Here’s why Australia won’t get knocked off by a South American ‘lithium cartel’
While potential cartel-like collaboration between Bolivia and Argentina on lithium could allow for accelerated production expansions from South America, there are several roadblocks that will likely hinder their efforts.
Right now Australia is the single largest lithium producing country after it surpassed Chile last year.
But the Bolivian and Argentinean governments are reportedly in talks to establish an agreement on lithium, giving rise to the idea of a “regional lithium cartel” not unlike what the large oil producing countries did with the formation of the Organisation of Petroleum Exporting Countries (OPEC).
Bolivia and Argentina, along with Chile, form what is known as the “lithium triangle”, and together account for over half of the world’s lithium supply.
But there are several reasons why their push to control lithium production may not work or take some time to eventuate.
Bolivia is what Henrique Ribeiro — editor, Latin America metals for S&P Global Platts – calls a “black box” because of its very “non-liberal approach to the economy”.
“We’re talking about a very state-centralised economy,” Ribeiro told Stockhead by phone from Sao Paulo in Brazil.
“So even though they have the largest resources in the world, all those resources belong to the Bolivian government and they’re not very interested in allowing foreign companies to go there and exploit that lithium.”
The other problem is the quality of the country’s brine.
Lithium is mined from two main sources — hard rock (hosted in spodumene ore) and brine (lithium-enriched salt water).
The lithium in South America comes from brines, while in Australia it comes from hard rock deposits.
But Bolivia’s brines are particularly high in uranium, according to Ribeiro.
“Amongst the three of them Bolivia has the worst brine because it’s very high in uranium,” he explained.
“So any company that is willing to exploit lithium in Bolivia would have higher operational costs because they would need to separate that uranium, which is a lot higher concentration in Bolivia than Argentina and Chile.”
Bolivia has created a state-owned agency that is investigating ways to cost-effectively mine the country’s lithium.
But Ribeiro says that won’t be a quick fix.
“This will definitely take so many years because they don’t have the technology, they don’t have the structured workforce to develop it,” he said.
“So basically, Bolivia at this point is totally outside the game. It doesn’t mean in the future they won’t be able to participate in this industry, but this would require a totally different approach from the local government.”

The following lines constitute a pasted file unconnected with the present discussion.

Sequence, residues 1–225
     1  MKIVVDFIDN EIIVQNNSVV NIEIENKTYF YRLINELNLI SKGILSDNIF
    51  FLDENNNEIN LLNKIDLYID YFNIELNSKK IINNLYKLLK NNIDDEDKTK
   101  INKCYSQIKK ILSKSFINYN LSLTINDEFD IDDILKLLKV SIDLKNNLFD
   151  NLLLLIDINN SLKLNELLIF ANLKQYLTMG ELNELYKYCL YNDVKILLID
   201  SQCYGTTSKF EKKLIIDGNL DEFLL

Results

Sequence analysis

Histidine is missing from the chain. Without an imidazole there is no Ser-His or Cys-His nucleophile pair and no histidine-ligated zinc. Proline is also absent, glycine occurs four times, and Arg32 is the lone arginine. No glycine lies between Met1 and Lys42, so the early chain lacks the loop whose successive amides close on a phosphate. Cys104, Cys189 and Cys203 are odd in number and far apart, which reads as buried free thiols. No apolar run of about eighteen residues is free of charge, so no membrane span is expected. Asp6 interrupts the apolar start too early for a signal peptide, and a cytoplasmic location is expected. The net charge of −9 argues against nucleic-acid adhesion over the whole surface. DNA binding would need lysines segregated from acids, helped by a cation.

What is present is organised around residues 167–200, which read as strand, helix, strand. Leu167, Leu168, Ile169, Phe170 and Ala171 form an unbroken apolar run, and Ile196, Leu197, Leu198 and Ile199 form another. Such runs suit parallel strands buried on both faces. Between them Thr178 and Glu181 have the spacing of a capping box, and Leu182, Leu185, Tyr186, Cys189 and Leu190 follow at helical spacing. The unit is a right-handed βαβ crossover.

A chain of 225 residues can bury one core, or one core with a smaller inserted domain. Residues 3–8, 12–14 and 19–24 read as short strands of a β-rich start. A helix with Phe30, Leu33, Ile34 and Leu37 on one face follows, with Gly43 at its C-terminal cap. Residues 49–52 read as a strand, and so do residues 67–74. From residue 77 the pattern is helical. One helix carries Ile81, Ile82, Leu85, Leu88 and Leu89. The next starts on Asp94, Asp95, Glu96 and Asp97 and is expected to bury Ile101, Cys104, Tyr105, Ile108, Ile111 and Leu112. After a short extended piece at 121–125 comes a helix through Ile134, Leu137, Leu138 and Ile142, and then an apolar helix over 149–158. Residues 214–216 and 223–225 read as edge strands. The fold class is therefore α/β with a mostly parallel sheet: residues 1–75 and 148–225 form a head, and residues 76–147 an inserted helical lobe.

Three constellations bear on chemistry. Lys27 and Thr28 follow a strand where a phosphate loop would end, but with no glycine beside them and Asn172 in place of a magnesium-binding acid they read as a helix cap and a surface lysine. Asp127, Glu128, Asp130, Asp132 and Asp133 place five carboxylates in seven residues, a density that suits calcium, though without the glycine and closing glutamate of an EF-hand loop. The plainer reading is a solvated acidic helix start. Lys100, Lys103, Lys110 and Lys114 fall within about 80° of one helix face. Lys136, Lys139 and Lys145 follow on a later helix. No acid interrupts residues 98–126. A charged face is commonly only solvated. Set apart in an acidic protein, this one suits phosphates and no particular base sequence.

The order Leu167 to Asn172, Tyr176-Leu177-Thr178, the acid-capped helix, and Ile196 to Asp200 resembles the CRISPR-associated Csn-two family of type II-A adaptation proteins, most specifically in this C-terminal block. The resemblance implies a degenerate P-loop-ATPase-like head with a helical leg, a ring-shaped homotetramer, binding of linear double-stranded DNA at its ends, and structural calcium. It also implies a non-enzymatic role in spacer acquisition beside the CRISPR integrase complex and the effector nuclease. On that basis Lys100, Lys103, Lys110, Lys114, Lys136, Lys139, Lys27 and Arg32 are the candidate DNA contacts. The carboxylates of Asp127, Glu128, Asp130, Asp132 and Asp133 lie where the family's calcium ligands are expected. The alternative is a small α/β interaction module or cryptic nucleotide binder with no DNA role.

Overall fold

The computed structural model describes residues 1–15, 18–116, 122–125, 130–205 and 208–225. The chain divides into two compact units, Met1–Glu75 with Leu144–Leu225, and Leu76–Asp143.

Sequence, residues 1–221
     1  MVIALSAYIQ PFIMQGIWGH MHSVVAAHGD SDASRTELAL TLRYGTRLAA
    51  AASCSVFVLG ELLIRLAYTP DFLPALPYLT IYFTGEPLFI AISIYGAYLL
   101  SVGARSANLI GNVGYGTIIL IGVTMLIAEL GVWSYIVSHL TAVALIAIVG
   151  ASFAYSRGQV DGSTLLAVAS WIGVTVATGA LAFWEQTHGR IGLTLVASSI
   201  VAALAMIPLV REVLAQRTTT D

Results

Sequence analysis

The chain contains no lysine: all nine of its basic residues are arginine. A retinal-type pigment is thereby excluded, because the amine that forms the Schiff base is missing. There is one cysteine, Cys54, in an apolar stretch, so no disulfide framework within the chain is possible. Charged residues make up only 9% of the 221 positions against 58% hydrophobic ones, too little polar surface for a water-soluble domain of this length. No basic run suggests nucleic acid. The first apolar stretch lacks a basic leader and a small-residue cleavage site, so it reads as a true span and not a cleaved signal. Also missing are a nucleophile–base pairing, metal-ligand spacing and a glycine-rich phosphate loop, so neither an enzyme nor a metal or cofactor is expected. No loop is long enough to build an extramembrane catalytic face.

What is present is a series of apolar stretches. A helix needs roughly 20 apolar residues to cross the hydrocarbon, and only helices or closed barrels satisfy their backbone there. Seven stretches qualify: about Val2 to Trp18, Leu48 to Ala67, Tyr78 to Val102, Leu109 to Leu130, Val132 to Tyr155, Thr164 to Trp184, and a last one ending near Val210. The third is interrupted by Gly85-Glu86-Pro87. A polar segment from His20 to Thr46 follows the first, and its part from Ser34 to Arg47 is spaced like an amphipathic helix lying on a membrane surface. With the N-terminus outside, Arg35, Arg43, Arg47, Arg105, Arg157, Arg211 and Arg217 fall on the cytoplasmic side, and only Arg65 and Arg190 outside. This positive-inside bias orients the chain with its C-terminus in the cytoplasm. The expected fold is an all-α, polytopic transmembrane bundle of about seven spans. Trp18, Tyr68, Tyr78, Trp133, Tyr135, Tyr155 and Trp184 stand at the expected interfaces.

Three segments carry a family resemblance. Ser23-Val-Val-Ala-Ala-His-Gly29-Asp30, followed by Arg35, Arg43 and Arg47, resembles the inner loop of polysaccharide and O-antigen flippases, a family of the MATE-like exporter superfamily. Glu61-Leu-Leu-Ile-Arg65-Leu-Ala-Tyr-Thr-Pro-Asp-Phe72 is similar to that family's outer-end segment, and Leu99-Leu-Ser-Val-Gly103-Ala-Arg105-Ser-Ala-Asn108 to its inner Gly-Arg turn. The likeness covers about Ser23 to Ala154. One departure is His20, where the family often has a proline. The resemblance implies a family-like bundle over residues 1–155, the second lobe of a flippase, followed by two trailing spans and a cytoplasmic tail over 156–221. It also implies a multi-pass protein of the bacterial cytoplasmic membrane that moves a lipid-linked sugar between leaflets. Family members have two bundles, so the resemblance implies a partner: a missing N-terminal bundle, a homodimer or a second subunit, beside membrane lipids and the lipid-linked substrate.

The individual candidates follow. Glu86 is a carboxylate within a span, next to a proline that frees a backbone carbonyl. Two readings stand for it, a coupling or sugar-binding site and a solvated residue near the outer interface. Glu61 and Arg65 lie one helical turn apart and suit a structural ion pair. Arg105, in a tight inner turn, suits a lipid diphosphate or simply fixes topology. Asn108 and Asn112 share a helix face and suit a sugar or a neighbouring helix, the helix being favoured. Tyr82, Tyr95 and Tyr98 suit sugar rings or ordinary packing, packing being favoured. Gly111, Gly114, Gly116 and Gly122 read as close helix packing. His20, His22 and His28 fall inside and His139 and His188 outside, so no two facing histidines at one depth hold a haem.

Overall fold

Argentina also faces a quality problem in that it can only cost-effectively produce technical grade lithium carbonate and not battery grade lithium carbonate from its brines.
“It’s not that cheap to produce lithium carbonate as a battery grade, which is what really matters to the industry,” Ribeiro said.
“It’s a lot easier in Chile because the quality is a lot better.”
Australian lithium producers also have a bigger advantage than South American producers because their lithium-bearing spodumene ore can be turned into lithium hydroxide much more cheaply and easily.
This gives them a cost advantage of 10 to 15 per cent compared to the largest South American brine producers, according to the Australian Department of Innovation, Industry and Science.
Ribeiro said the industry is moving towards a preference for lithium hydroxide in the coming years due to the new battery technologies that are expected to prevail.
“When we talk about lithium hydroxide production, it makes a lot more sense to produce the spodumene through hard rock mining, which is achieved in Australia, than from brines because you can’t just upgrade directly from the brines to hydroxide,” he explained.
Lithium hydroxide fetches a higher price than lithium carbonate.
Most of the new supply that is coming online in the next couple of years will be mostly from Australia and not South America.
“It’s kind of the consensus that supply from Chile and Argentina is not expected to move forward that quickly,” Ribeiro said.
“There will likely be some expansions, especially in Chile, and in this case we’re talking about expansions from existing projects … but not really talking about new entrants.
“So the supply in Chile and Argentina actually will grow a lot less than it will grow in Australia in the coming years.”
Although the market is in oversupply at the moment, which has weighed heavily on lithium prices, the good news is they shouldn’t “freefall” like they did last year, and they are heading for a rebound.
Ribeiro says prices will likely remain under pressure through to 2020 or 2021, but by no later than 2022 they should be on their way up again thanks to strong demand for electric vehicles.